Figure 8: Gas molecules in a box. Fast particles in red, mid-speed in green and slow particles in blue. The yellow zig-zag line traces the movement of a single particle.
9a: plot of number of fast, medium, slow particles 9b: histogram of particle speeds
Figure 9: NetLogo displays "live" plots and histograms of the molecules in the graphics window
In a typical first use, students initialize the molecules with equal masses and equal speeds but with random positions and headings. Thus all molecules start out green. They run the model and are usually surprised to see that the molecules turn color quite quickly and that many more of them turn blue than turn green. In other words, more of the particles slow down than speed up. Although this result is a direct consequence of a known law of gases, the Maxwell-Boltzman distribution of molecular speeds, taught in high school physics, it is not recognized by students in this form. (In our experience, not just students, but even physicists are often surprised by this result.) Again, the key insight here is that the Gas-in-a-Box model allows students to see the gas from an emergent perspective. They come to see the connection between the micro- level of billiard ball collisions and the macro- level of the general characteristics of the gas as an ensemble. These two levels of description are typically taught separately in the high school curriculum. However, it is in understanding the connection between these two levels, how one emerges from the other that leads to a powerful understanding of statistical thermal physics. The connection has been thought to be too hard for high school students, as it usually involves advanced mathematical machinery. But, through the use of multi-agent modeling languages such as NetLogo, these ideas can be accessible to high school learners.
NetLogo in the classroom
The multi-agent modeling paradigm is in use by many students, teachers and classrooms. In its years of use, we have assembled a large collection of "extensible" models. These sample models are drawn from a wide range of disciplines including physics, biology, mathematics, computer science, chemistry, materials science, ecology and economics. These models are created by students, teachers and researchers and go through a process of checkout and refinement before becoming a part of the distribution archive.
In the classroom, NetLogo is typically used in roughly five phases:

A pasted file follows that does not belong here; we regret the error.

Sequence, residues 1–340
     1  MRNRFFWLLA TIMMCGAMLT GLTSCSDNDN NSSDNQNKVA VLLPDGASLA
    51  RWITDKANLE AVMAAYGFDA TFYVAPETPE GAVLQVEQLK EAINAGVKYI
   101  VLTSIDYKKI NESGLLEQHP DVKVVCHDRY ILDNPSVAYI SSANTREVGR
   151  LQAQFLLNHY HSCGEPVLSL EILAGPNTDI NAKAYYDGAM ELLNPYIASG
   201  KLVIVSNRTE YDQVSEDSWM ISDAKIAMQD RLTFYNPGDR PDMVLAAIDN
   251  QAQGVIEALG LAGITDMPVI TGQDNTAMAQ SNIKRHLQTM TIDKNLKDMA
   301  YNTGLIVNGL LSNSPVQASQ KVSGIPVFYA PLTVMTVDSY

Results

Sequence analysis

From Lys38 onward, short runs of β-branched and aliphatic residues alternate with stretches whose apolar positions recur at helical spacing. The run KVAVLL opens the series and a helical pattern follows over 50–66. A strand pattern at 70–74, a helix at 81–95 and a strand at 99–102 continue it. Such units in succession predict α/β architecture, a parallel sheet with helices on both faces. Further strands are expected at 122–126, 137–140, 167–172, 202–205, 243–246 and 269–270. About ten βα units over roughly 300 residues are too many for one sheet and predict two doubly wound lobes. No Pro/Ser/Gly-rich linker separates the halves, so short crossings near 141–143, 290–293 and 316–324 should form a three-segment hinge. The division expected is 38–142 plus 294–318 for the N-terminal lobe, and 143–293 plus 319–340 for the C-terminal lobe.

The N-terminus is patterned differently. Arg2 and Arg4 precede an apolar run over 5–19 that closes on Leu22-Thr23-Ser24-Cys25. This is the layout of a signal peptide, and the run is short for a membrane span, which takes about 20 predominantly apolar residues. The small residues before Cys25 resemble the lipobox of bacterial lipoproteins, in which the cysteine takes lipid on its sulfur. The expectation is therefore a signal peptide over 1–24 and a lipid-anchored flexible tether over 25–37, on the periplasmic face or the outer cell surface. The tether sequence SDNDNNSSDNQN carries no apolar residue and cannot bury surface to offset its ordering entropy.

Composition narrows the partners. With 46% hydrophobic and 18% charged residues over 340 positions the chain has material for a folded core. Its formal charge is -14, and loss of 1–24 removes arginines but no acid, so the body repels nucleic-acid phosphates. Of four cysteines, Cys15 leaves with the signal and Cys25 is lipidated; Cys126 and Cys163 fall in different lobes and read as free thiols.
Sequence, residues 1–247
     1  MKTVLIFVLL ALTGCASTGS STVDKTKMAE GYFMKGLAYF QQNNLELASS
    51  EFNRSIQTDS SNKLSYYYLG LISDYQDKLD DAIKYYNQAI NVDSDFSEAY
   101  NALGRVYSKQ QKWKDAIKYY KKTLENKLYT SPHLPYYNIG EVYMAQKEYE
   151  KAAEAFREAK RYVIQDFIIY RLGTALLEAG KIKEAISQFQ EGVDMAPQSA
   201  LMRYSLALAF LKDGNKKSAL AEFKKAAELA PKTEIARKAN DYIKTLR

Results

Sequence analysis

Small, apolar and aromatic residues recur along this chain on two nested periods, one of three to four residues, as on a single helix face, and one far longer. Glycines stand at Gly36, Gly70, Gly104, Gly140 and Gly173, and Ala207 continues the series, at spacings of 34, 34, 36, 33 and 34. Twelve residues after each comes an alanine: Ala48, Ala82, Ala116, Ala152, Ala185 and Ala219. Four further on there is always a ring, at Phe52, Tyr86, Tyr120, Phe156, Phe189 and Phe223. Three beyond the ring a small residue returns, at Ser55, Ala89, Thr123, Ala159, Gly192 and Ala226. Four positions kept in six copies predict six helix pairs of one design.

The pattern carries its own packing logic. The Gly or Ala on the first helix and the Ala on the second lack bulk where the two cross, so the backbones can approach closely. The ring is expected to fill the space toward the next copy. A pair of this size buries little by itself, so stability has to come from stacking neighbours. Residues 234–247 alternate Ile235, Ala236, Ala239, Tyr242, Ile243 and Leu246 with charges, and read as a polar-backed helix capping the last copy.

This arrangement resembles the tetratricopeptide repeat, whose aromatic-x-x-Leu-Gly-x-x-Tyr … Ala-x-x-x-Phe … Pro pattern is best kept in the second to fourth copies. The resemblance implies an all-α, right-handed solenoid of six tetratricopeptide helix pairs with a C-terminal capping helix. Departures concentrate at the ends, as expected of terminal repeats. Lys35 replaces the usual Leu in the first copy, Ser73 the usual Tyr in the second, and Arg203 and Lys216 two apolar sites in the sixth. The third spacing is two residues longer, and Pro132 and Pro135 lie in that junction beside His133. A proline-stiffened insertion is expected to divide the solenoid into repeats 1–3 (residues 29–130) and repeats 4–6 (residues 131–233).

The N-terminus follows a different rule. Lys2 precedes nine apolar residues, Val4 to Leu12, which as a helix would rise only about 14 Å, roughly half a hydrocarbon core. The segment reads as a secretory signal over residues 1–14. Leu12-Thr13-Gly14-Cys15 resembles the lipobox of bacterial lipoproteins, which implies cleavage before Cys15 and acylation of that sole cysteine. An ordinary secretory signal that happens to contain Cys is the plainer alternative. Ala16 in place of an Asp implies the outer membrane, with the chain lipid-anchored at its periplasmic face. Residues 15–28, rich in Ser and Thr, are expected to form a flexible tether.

a) In the first phase, the teacher typically leads the students in off-computer activities (known as participatory simulations or emergent activities) that provoke thinking about emergent phenomena. In these activities, students typically enact the role of individual elements of a system and then discuss amongst themselves what global patterns they detect and how those patterns could arise from their individual behaviors. These participatory simulations can be done without technology in what we call "StarPeople" (Resnick & Wilensky, 1998) or "NetPeople" or they can be supported by wireless technologies as in the HubNet architecture (Wilensky & Stroup, 1999) which enables students to use handheld devices to control agents within a NetLogo simulation.
b) In the second phase, the teacher presents a "seed" model (a simple starting model) to the whole class, projected upfront so that everyone can view it. The teacher engages the class in discussion as to what is going on. Why are they observing that particular behavior? How would it be different if model parameters were changed? Is this a good model of the phenomenon it is meant to simulate?
c) In the third phase, students run the model (either singly or in small groups) on individual computers and explore the parameter space of the model.
d) In the fourth phase, each modeler (or group) proposes an extension to the model and implements that extension in the NetLogo language. Modelers starting with GasLab, for example, might try to add to the model by building a pressure gauge, a piston, a gravity mechanism, or heating/cooling plates. The extended models are added to the projects library of extensible models and made available for others to work with as "seed" models.